Curb Your Need For Speed, Check Your Sources
In the ‘old days’, some 25 years ago, when your’s truly was a newspaper journalist, there was a daily 10pm deadline to finish your story, and to know what the competition had written about the same topic you had to wait until the next morning. You’d spend the entire day (or more) ‘chasing’ the story and making sure all parties involved had had their say and that all the elements added up.
But in today’s digital media landscape, there’s a deadline every second of every day, anywhere in the world, and the pressure to be the first to break a certain story is frighteningly more important than the need to have the facts right or even check back with those playing a role in the story. And the need to be the first to tweet an opinion on the subject often borders on the obsessive-compulsive. These opinions are rarely fact-checked or even fully thought through, but just as often immediately copied and re-tweeted nonetheless.
A few weeks ago in Belgium, an 86-year-old former radio and television host was accused of the sexual abuse of a junior staff member some 30 years ago. The accusation wasn’t made in a police station or in a courtroom, but in the studio of a late night talk show on national public television, by a friend and former colleague of the victim. Although the producers of the show were informed beforehand what would happen, they ‘forgot’ to check with or even inform the ‘accused’, later stating that they “forgot”, then “didn’t have time anymore” and that “he would have denied it anyway”. They also forgot to mention that at the time, both parties were in a relationship with each other, but that in the end the presenter decided not to leave his family.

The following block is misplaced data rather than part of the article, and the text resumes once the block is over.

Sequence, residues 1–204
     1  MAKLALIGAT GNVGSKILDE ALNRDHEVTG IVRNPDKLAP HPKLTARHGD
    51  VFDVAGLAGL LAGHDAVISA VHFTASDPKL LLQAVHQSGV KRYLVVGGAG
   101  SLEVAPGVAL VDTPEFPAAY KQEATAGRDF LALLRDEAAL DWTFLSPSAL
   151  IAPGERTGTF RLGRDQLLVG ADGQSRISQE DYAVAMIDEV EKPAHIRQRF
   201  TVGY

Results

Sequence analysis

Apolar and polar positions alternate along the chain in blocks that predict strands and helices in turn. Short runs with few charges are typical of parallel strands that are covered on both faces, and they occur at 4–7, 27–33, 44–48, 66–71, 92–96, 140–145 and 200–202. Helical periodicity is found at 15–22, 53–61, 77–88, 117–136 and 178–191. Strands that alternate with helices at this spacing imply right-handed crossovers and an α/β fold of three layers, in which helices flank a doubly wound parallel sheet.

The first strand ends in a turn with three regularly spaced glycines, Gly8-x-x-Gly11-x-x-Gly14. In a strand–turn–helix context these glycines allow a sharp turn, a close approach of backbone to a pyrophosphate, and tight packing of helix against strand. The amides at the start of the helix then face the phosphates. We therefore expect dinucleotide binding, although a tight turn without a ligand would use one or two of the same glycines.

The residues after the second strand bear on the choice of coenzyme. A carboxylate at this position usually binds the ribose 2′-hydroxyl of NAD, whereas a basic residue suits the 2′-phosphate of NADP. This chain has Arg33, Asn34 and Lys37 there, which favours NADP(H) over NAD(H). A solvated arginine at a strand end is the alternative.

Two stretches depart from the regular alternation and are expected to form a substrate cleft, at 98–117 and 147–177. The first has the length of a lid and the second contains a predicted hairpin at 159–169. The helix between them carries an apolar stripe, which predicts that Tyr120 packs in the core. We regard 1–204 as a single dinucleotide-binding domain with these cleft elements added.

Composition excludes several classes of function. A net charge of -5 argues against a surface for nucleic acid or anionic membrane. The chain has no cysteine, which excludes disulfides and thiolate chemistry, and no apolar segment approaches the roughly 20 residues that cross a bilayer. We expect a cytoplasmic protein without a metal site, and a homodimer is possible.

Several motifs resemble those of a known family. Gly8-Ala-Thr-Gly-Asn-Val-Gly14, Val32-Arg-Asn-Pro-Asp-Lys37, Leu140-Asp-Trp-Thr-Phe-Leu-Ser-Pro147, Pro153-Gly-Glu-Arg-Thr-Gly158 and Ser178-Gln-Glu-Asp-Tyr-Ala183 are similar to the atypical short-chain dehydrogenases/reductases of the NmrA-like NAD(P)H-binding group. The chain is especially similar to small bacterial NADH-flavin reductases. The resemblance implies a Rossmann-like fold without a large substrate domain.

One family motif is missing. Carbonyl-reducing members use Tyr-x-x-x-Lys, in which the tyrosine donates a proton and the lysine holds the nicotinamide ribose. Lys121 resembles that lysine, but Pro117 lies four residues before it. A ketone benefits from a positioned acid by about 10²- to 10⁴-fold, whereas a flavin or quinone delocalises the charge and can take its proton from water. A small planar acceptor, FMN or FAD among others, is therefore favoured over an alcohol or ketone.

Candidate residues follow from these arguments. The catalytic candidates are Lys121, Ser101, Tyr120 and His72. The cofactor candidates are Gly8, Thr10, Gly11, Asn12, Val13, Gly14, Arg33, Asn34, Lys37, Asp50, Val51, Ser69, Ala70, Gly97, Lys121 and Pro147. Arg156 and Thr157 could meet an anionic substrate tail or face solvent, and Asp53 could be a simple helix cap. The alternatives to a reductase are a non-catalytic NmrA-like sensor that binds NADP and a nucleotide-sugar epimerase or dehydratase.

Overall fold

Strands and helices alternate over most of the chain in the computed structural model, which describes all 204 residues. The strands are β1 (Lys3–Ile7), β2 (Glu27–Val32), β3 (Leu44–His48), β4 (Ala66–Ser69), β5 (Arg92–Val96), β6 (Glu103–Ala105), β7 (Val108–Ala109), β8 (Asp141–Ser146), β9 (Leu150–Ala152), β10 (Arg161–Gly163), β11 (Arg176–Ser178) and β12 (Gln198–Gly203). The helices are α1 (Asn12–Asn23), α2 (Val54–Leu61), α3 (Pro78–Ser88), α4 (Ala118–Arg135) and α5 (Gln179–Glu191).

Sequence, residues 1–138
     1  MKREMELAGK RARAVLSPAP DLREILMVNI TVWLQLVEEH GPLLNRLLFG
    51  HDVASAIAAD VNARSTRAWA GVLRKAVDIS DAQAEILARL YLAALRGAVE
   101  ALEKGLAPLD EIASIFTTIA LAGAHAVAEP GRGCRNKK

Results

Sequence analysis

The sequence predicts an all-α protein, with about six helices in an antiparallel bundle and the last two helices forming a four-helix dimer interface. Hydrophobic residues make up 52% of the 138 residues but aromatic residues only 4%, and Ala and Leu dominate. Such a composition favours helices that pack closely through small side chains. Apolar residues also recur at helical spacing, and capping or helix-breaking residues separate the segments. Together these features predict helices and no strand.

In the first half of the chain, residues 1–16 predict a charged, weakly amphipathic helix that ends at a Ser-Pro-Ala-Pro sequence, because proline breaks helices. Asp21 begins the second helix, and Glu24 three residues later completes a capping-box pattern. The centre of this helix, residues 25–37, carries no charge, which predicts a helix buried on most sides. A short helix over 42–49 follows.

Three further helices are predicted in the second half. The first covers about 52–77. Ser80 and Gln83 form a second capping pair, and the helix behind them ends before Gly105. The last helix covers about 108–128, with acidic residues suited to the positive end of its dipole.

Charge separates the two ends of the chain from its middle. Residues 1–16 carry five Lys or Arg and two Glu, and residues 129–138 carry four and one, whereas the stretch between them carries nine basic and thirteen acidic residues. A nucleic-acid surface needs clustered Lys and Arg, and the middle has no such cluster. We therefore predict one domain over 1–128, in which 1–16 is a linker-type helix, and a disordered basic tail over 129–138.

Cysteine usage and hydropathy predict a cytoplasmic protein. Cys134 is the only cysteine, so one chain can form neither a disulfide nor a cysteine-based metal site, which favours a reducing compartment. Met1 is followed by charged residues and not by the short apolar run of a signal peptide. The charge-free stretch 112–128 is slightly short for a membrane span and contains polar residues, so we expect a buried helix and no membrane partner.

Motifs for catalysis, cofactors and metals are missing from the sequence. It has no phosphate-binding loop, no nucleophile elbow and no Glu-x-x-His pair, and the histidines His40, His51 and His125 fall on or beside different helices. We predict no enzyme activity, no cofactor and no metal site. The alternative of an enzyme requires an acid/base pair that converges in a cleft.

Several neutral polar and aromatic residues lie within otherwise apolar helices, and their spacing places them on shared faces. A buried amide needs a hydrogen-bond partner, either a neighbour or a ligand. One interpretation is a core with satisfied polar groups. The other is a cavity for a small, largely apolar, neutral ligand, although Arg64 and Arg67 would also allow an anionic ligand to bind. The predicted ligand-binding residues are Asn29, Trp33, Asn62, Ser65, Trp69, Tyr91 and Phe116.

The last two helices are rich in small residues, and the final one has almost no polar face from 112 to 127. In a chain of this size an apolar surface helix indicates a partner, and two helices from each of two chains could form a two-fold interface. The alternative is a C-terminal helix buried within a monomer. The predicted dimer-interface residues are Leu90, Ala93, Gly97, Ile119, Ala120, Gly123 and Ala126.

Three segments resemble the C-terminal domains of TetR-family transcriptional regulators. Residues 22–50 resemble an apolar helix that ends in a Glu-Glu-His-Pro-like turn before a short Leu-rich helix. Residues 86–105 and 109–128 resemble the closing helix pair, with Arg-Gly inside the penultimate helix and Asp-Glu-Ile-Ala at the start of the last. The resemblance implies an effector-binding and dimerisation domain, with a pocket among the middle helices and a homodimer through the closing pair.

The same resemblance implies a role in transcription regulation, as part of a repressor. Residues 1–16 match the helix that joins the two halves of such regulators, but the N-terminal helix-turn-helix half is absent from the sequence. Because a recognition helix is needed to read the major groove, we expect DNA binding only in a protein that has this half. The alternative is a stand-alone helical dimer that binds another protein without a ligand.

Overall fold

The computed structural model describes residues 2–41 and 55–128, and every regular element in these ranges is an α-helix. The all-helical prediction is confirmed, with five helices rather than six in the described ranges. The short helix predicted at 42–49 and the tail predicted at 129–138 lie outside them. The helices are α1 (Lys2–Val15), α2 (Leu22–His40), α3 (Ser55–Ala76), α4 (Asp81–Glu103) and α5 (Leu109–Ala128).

Whether the story was true and, if so, to what extent, is irrelevant in this case, but what is relevant is that even a public broadcaster – synonymous with quality and ethics, and funded by the taxpayer’s money – had elected to cast their principles aside to go for a quick ‘score’ without checking their facts first.